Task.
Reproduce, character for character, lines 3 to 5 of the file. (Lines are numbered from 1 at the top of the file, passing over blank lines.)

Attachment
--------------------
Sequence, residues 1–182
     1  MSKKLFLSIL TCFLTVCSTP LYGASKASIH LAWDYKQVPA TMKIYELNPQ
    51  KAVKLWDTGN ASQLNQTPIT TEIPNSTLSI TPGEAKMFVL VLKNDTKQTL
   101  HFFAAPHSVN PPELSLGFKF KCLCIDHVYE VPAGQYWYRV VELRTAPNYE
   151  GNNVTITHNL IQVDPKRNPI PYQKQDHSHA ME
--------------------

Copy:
    51  KAVKLWDTGN ASQLNQTPIT TEIPNSTLSI TPGEAKMFVL VLKNDTKQTL
   101  HFFAAPHSVN PPELSLGFKF KCLCIDHVYE VPAGQYWYRV VELRTAPNYE
   151  GNNVTITHNL IQVDPKRNPI PYQKQDHSHA ME